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Bishop of Trier, b. 15 Nov., 1815, at Trier (Germany), d. there 30 May, 1876. After successfully completing the gymnasium course of his native town, he devoted himself to the study of theology, was ordained in 1839, and soon after made assistant at St. Castor's in Coblenz. In 1842 Bishop Arnoldi made him his private secretary, and, at the end of the same year, professor of dogmatics in the seminary of Trier. From 1849 to 1862 he was director of the seminary and also preacher at the cathedral; in 1850 he became a member of the chapter; from 1852 to 1856 he was representative of his fellow-citizens in the Prussian Lower Chamber, where he joined the Catholic section. On 7 April, 1862, he was preconized as auxiliary bishop of Trier; after Arnoldi's death he was proposed for the episcopal see, but the Prussian government acknowledged him only after the death of Arnoldi's successor, Pelldram, 16 July, 1867. Having chosen St. Charles Borromeo for his ideal, he spared no exertion, on the one hand, to make his clergy learned, zealous, devout, and thoroughly cultured, and on the other to cultivate a truly Christian and religious spirit in the people. To attain this double end, he bestowed very great care upon his seminary and demanded a conscientious observation of his rules on the pastoral conferences and the annual retreat. In the parishes he insisted on the instruction in Christian doctrine and on the giving of missions, took care that religious associations were established, especially among the youths and men, and tried to found everywhere good libraries for the people. At the Vatican Council he appeared several times as a speaker; he belonged to the minority of the bishops, who considered the definition of the pope's infallibility as inopportune for the time being; but as soon as the matter had been decided, he published the constitution at once. When, in the beginning of the seventies, the Prussian government wished to fetter bishops and priests by its ecclesiastico-political legislation, Bishop Eberhard unflinchingly defended the rights of the Church and thus became one of the first victims of the so-called Kulturkampf. At first he was fined an exorbitant sum, but since he could not pay it, he was retained in the prison of Trier from 6 March to 31 December, 1874. New persecutions began after he had been dismissed; the flourishing institutions which belonged to the Church were closed and the appointment of priests was made impossible; the grief at the unhappy condition of his diocese accelerated his death. He is the author of a dissertation "De tituli Sedis Apostolicae ad insigniendam sedem Romanam usu antiquo ac vi singulari" (Trier, 1877-1883; Freiburg, 1894-1903).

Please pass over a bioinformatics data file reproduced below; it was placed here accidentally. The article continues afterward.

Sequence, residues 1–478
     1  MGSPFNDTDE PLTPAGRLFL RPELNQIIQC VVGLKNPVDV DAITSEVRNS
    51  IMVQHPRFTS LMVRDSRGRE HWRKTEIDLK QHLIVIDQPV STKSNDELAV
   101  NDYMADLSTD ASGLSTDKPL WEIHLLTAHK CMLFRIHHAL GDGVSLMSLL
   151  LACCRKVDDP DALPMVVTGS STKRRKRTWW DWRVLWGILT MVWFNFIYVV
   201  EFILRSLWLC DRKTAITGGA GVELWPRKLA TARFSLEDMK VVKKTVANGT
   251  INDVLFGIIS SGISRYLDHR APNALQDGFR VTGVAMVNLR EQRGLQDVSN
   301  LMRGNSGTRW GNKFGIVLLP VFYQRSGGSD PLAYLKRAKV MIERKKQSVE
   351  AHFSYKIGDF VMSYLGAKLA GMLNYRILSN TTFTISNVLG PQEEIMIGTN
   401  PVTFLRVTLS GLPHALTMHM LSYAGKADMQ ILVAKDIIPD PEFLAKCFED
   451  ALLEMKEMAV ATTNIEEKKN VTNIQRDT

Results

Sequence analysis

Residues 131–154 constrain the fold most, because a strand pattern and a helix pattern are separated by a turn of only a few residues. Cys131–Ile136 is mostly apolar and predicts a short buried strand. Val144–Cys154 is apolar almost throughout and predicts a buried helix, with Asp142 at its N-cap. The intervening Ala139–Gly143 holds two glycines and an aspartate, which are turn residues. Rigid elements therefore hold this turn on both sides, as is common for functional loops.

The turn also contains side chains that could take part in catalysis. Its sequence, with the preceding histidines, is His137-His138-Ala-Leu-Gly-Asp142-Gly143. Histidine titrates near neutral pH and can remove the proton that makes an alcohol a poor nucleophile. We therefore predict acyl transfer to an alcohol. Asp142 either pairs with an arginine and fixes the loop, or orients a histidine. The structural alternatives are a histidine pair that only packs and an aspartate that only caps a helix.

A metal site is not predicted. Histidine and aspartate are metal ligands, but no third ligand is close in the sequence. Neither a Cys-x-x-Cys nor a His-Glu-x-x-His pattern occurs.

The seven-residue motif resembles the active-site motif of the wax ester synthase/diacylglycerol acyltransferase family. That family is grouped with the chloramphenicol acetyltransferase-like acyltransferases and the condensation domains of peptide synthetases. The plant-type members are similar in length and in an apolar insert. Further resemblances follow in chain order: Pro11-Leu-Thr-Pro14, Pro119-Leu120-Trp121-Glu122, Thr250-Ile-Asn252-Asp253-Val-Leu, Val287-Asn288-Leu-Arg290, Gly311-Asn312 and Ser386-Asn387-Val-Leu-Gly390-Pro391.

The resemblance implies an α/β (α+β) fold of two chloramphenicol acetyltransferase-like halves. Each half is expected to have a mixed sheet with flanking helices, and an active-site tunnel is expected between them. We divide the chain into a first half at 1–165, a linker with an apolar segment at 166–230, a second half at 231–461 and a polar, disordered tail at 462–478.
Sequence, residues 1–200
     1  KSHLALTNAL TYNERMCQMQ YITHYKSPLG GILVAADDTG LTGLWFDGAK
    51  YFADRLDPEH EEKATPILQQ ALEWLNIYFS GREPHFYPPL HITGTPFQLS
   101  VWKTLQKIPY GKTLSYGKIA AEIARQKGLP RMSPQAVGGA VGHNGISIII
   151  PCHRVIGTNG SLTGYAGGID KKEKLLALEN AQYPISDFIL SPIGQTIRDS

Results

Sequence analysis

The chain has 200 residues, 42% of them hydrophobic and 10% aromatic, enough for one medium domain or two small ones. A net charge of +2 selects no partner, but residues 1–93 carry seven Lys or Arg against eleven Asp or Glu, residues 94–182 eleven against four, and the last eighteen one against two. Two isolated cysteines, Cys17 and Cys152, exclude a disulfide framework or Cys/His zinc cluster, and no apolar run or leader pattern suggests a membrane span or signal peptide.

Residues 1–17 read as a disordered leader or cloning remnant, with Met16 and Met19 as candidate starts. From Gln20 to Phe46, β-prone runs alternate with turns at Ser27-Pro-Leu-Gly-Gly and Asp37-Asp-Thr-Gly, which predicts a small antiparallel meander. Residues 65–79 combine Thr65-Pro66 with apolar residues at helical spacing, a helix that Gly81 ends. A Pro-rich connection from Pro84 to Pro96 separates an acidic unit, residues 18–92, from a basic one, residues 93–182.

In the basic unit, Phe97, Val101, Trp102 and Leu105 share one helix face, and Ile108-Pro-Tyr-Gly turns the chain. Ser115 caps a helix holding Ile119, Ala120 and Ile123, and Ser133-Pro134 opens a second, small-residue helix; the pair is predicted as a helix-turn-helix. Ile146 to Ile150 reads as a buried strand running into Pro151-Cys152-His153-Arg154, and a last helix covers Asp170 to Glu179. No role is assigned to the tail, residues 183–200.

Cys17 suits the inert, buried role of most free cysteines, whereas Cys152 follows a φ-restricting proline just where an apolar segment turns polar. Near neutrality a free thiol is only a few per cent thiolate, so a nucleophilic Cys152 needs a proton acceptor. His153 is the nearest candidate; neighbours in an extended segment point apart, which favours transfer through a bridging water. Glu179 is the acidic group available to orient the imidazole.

APA citation. (1909). Matthias Eberhard. In The Catholic Encyclopedia. New York: Robert Appleton Company. http://www.newadvent.org/cathen/05242a.htm
MLA citation. "Matthias Eberhard." The Catholic Encyclopedia. Vol. 5. New York: Robert Appleton Company, 1909. <http://www.newadvent.org/cathen/05242a.htm>.
Transcription. This article was transcribed for New Advent by Gerald M. Knight.
Ecclesiastical approbation. Nihil Obstat. May 1, 1909. Remy Lafort, Censor. Imprimatur. +John M. Farley, Archbishop of New York.
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